The timeline for the rollout of this rebate is uncertain and depends on when and if the 2023 budget is passed in Parliament.
Cracking down on ‘junk fees’
In the 2023 budget, the Liberal government is declaring war on “junk fees” — defined as “unexpected, hidden and additional fees” that crop up on everything from concert tickets to airfare, from telecom services to excessive shipping costs.
Details were sparse on how and when the government would tackle these fees, but the budget said Ottawa would work with regulatory agencies, provinces and territories to reduce unfair and excessive costs on some common expenses.
The United States government recently announced a similar crackdown on fees as consumers have swiftly complained online in the past few years about the exorbitant amounts charged for tickets to popular concerts, for example.
While some measures in the 2023 budget might reduce what you pay on airfare, others could see those costs rise.
The air travellers security charge (ATSC), which is typically paid by passengers on their tickets and helps to fund security screening and baggage protection services in Canada, is set to rise under the 2023 budget proposals.
The ATSC rate for a round-trip domestic flight would rise almost $5 to $19.87 under the new regime, while an international flight will see the charge hiked by nearly $9 to $34.42 on a flight out of Canada.
Help on loans
The federal government also announced its plans to help Canadians dealing with high interest rates on some loans.
Debt-servicing payments have grown rapidly over the past year as the Bank of Canada raised interest rates in an effort to cool spending and take some stream out of inflation. A rise in the central bank’s benchmark policy rate affects multiple kinds of debt, including mortgages, lines of credit and credit cards.
For Canadians struggling with mortgage payments after a year of rate hikes, Ottawa proposed a new mortgage code of conduct in the 2023 budget.
Through the Financial Consumer Agency of Canada, the document would direct financial institutions to provide Canadians struggling to make mortgage payments with “fair and equitable access to relief measures.”
This could include adjusting payment schedules, extending amortizations on the loan or authorizing lump-sum payments, strategies some lenders already offer to clients who are in danger of defaulting on their mortgage.
Beyond mortgages, Ottawa is also planning to crack down on payday loans and predatory lenders.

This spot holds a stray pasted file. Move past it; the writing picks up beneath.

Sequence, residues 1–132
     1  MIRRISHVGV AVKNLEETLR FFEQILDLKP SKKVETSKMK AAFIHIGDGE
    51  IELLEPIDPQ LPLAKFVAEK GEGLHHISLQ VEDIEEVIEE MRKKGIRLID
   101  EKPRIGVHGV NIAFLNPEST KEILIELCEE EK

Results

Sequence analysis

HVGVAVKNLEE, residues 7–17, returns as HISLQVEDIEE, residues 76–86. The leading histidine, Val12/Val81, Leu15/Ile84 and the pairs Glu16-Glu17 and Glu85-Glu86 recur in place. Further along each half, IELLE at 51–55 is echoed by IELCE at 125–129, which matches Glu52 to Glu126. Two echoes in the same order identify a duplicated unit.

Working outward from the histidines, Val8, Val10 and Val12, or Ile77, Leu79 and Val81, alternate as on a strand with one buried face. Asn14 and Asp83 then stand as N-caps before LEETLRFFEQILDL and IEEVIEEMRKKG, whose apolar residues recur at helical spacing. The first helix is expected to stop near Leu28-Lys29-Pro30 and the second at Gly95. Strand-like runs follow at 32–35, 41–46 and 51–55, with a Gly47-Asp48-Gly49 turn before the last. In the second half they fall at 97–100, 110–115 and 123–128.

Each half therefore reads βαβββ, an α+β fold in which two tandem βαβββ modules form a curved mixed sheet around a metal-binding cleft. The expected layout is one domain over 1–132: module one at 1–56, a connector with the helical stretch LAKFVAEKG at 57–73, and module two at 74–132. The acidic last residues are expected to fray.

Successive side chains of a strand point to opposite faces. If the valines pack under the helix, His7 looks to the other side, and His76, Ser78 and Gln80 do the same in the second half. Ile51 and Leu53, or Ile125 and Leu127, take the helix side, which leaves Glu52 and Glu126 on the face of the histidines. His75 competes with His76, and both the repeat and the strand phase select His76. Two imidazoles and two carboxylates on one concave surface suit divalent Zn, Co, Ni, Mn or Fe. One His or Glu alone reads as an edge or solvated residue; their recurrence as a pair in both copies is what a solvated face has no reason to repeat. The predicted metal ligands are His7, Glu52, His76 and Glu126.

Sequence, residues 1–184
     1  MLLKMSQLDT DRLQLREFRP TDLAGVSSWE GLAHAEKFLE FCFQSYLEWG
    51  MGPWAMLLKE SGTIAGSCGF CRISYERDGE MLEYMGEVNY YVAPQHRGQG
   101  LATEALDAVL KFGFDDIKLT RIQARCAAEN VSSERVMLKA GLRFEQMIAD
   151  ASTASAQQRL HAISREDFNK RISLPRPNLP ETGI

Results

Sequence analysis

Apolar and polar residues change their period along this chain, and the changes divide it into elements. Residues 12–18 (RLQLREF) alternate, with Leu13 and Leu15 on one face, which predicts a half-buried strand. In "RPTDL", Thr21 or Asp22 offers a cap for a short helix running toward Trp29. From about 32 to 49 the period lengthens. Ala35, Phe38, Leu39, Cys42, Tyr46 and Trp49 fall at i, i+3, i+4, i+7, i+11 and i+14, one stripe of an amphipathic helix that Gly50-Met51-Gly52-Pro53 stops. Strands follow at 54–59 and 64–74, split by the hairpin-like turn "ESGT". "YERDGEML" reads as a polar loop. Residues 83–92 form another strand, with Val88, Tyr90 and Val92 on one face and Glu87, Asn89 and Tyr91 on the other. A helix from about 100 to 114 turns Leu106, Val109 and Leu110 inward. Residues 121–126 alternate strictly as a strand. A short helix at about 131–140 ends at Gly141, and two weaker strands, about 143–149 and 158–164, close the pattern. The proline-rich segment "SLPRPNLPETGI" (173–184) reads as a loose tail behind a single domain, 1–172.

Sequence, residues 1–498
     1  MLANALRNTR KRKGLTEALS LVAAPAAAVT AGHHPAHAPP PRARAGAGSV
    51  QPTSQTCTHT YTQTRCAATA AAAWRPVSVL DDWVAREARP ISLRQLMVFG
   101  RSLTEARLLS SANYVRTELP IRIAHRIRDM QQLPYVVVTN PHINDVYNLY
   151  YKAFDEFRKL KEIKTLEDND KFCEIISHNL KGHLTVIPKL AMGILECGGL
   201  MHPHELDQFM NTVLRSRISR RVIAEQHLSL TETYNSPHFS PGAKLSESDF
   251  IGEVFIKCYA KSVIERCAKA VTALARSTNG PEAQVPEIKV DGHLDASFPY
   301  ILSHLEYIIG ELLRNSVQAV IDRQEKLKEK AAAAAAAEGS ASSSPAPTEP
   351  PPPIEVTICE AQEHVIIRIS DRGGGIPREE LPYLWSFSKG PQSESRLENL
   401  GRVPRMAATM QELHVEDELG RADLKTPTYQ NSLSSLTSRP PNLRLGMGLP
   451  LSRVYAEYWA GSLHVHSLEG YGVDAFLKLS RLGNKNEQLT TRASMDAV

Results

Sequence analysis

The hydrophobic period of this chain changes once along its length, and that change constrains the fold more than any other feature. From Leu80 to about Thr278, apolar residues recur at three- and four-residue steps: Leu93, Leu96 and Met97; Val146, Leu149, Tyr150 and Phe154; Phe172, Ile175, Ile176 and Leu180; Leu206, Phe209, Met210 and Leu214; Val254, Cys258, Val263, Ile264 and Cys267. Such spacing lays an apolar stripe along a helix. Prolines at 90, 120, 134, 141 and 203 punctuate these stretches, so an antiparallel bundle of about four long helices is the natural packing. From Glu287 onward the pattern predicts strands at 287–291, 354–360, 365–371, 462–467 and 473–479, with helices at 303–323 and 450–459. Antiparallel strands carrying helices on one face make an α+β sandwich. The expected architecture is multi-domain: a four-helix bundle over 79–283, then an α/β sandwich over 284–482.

The budget notes that these loans often target low-income and other vulnerable Canadians with a promise of quick relief at the cost of “very high interest rate loans” that can end up trapping consumers in a cycle of debt.
The Liberals are proposing to amend the Criminal Code to lower the threshold at which a rate of interest would be considered criminal from today’s annual rate of 47 per cent federally to 35 per cent, in line with the current rate in Quebec.
Payday lenders would also be able to charge Canadians no more than $14 per $100 borrowed under the new regime, bringing it down to the cap currently in place in Newfoundland and Labrador.
Standardizing chargers for devices
The federal government is also planning to cut down on the number of charging cables Canadians have lying around their kitchen drawers by standardizing the charging port for smartphones and other devices.
Following the lead of the European Union, which signalled it would mandate USB-C charging ports for small handheld devices and laptops by the end of 2024, Ottawa will also work with international partners to “explore implementing a standard charging port in Canada,” according to the budget.
The document said standardizing the charging port on phones and other devices could lower costs for Canadians and cut down on electronic waste.
Also in the vein of cutting down on waste, the Liberals are proposing a new “right to repair” framework for existing devices.
Currently, fixing broken appliances or devices can come with high fees or face delays when specific parts aren’t available.
The government is looking to roll out a framework in 2024 to make electronics easier to repair with spare parts expected to be readily accessible.
“By cutting down on the number of devices and appliances that are thrown out, we will be able to make life more affordable for Canadians and protect our environment,” the budget read.
Automatic tax filing to help low-income Canadians
Ottawa is also looking to help the estimated 12 per cent of Canadians who don’t currently file tax returns take advantage of benefits they might currently be missing out on.
Starting in 2023, the Canada Revenue Agency is expected to pilot a new “automatic filing system” to help vulnerable Canadians who don’t regularly file taxes receive the benefits they’re entitled to receive.
The government also intends to expand its existing auto-file program, File My Return, which sees low-income Canadians file returns by answering a few questions over the phone.